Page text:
When it comes to radio ratings, programmers are consistently focused on determining which listener group is the most influential. After all, appealing to the audience with the biggest influence is the best way to ensure a high-performing station. The trick, however, is delving beneath the surface to identify exactly which groups to focus on.
Last year we explored the idea that the group in the middle of the audience curve holds the most potential to increase their consumption. That’s because this group is large and wants to be engaged more than it already is. Said another way, heavy listeners are always going to be important to the ratings, but they’re in the minority and already fully engaged with your programming. So with that perspective, it’s more worthwhile to work on cultivating the listener that is engaged, but wants more.
Programmers can also look at listeners the way one of the world’s largest coffee retailers views its coffee customers. Not all coffee drinkers have the same appetites, and the same thing applies to radio listeners. This retailer recognizes the differences and focuses on three consumer segments as a result: super regulars, coffee house enthusiasts and basic occasionals. But the coffee giant doesn’t stop there. It goes beyond classifying the groups by assigning a different value to each one. From there, it can customize the way it engages each one based on how much interaction each group wants.
Heavy-Deeps are the Super Regulars of Radio
Radio programmers can think of their super regulars as the “heavy-deep” audience. These listeners spend a lot of time with radio in general (heavy users) and spend most of their listening time tuned to your station (deeply important to your ratings). Coffee retailers take these people very seriously because they’re great customers and drink a lot of coffee. The downside, however, is that they’re already highly committed and offer limited upside purchase potential. The same thing goes for radio. The heaviest listeners are your biggest fans. So you want to take care of them and take them very seriously. But at the same time, they only have a small amount of incremental time left to give us. They’re also fewer in terms of sheer numbers, which means the overall ratings impact of any incremental gains in listening will likely be modest.
Engaging with the Almost Heavies of Radio
In the coffee retail world, coffee house enthusiasts are consumers who stop in often for their caffeine fixes, but they don’t necessarily live at the coffee outlets like the super regulars do. The major coffee retailer spends a lot of time courting this group because these customers represent growth opportunities. They’re big coffee drinkers and they have more wallet to give. This is the group coffee retailers want to return later in the day, so they offer them coupons and promotions to entice repeat same-day visits. In radio, we can call the listeners in this group the “almost heavies.” They may be heavy radio users, but they may not be deep users of your station. Historically, programmers have focused almost exclusively on the heavy-deeps—a key listener demographic, indeed. If the goal is to generate growth, however, the almost heavies may represent a richer opportunity. They’re still big radio users, but they haven’t maxed out their time spent on one station, and they may be swayable. Most importantly, there are simply more of them out there.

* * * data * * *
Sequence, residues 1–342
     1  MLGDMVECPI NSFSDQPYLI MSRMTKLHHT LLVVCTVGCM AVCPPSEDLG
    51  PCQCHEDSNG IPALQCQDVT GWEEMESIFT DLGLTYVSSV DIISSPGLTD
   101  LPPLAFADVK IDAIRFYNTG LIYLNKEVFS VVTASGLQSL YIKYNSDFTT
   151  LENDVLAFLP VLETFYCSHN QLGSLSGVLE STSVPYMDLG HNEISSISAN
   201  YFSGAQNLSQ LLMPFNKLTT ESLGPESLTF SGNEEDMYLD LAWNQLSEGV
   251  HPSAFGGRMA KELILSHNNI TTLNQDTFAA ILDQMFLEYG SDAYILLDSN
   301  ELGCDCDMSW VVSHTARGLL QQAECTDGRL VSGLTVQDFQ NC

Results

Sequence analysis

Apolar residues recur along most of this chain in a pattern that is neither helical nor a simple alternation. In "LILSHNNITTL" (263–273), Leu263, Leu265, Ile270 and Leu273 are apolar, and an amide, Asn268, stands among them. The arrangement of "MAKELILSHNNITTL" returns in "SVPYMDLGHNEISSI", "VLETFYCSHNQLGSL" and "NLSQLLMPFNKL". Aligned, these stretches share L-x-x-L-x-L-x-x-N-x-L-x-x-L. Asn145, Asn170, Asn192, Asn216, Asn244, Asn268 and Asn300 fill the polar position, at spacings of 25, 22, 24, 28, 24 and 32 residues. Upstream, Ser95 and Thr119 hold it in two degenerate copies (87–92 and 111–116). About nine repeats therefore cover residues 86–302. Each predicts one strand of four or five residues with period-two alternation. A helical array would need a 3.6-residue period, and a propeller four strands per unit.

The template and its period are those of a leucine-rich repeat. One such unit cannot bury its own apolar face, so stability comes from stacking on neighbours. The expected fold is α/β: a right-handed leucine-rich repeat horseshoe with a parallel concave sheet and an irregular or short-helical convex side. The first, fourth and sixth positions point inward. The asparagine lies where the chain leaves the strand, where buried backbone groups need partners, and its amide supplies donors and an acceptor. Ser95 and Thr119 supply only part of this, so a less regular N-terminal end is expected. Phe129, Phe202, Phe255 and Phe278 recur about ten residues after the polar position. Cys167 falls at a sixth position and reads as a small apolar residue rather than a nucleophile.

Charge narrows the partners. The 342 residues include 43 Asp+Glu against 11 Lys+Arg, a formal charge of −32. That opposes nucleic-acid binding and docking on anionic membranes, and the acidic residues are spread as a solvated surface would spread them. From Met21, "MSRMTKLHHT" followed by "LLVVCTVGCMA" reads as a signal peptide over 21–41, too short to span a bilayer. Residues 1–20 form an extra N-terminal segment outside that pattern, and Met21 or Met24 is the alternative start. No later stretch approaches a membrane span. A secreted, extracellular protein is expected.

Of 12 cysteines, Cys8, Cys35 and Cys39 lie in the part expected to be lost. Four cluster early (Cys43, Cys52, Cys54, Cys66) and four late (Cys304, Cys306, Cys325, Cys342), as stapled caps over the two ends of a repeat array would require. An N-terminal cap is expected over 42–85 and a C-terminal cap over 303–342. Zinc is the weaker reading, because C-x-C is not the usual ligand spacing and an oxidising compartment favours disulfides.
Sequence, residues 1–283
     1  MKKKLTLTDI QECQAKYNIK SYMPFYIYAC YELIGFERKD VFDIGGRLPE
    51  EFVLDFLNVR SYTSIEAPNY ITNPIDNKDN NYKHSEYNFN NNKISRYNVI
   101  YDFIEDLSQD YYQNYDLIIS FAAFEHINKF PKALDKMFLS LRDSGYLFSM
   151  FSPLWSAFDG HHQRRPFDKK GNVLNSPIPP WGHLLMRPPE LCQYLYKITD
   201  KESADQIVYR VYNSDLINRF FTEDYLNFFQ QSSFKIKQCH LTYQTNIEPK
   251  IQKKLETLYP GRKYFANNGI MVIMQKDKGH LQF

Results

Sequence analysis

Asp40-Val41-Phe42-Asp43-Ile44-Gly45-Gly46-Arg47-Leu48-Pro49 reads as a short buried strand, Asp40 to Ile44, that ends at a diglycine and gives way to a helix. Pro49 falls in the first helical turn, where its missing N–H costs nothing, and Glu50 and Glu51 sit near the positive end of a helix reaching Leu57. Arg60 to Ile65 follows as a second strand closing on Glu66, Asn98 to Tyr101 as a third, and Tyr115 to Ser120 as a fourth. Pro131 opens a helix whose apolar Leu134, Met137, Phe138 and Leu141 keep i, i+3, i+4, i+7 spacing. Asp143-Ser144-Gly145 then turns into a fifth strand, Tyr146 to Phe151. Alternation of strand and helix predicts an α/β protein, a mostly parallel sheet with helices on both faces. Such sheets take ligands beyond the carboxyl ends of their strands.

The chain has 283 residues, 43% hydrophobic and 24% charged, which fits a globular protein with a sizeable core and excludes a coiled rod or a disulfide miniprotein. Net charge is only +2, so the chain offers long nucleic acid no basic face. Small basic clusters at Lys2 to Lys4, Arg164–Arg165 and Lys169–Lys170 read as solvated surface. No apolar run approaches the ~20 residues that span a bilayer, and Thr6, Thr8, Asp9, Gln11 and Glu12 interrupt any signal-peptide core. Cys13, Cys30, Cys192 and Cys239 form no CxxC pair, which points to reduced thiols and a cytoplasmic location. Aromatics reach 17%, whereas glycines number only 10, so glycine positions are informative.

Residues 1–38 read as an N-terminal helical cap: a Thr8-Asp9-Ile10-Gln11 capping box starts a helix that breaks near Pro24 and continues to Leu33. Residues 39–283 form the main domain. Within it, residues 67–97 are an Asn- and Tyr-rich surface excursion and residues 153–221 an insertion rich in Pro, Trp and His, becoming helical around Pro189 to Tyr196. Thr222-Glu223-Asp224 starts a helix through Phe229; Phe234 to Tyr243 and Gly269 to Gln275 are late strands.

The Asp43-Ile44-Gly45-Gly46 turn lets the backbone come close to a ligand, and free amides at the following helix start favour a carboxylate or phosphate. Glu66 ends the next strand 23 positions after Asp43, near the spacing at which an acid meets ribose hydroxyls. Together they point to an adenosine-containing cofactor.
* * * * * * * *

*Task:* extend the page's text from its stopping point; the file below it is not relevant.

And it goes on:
The basic occasionals are the consumers who visit only on occasion and spend less than others when they visit. In radio terms, we can call these listeners the light users. Programmers certainly appreciate this group, but in many ways, these listeners’ usage of a station tends to be incidental and not a regular habit. Since they tend to listen to less radio overall and have little contribution to the station, they represent little growth opportunity.
To get an idea of the ratings impact of the heavy-deeps and almost heavies to an individual station’s ratings, we looked at the top five stations in the top five portable people meter (PPM) radio markets in the 25-54 demographic over the course of 2013 and then calculated what percentage of the stations’ total panelists and total ratings came from each.
|Persons 25-54||Almost Heavies (25-50 hrs/month)||Heavy-Deeps (50+ hrs/month)|
|% of Total Panelists||12%||7%|
|% of Total Ratings||19%||22%|
|Source: Nielsen Audio PPM Metro Ratings. January-October 2013. New York, Los Angeles, Chicago, San Francisco, Dallas. Adults 25-54 Top 5 Stations, Full Week Daypart. PD Advantage Web Vital Signs.|
According to this brief dive into the data, a typical station may get around 20 percent of its ratings from each group, but it’s likely to have almost twice as many almost heavies tuning in. So even though the heavy-deeps listen more, they’re governed by the law of diminishing returns. Programmers absolutely want to keep them at their current levels of consumption, but the real opportunities for growth lie with the almost heavies.